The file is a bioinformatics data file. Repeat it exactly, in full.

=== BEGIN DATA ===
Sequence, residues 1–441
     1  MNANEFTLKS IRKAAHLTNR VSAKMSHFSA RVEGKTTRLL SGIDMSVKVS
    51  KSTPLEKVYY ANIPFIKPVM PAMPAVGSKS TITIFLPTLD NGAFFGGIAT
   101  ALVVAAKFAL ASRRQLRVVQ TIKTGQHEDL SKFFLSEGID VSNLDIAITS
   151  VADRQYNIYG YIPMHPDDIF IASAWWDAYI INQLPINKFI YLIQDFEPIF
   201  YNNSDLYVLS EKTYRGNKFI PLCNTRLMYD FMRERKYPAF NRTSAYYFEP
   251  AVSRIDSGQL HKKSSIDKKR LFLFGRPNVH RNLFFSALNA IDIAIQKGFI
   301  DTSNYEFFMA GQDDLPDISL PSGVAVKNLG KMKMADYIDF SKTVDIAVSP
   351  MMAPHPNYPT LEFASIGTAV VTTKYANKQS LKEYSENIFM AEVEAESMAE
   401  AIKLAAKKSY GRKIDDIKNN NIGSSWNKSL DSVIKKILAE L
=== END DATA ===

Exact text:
Sequence, residues 1–441
     1  MNANEFTLKS IRKAAHLTNR VSAKMSHFSA RVEGKTTRLL SGIDMSVKVS
    51  KSTPLEKVYY ANIPFIKPVM PAMPAVGSKS TITIFLPTLD NGAFFGGIAT
   101  ALVVAAKFAL ASRRQLRVVQ TIKTGQHEDL SKFFLSEGID VSNLDIAITS
   151  VADRQYNIYG YIPMHPDDIF IASAWWDAYI INQLPINKFI YLIQDFEPIF
   201  YNNSDLYVLS EKTYRGNKFI PLCNTRLMYD FMRERKYPAF NRTSAYYFEP
   251  AVSRIDSGQL HKKSSIDKKR LFLFGRPNVH RNLFFSALNA IDIAIQKGFI
   301  DTSNYEFFMA GQDDLPDISL PSGVAVKNLG KMKMADYIDF SKTVDIAVSP
   351  MMAPHPNYPT LEFASIGTAV VTTKYANKQS LKEYSENIFM AEVEAESMAE
   401  AIKLAAKKSY GRKIDDIKNN NIGSSWNKSL DSVIKKILAE L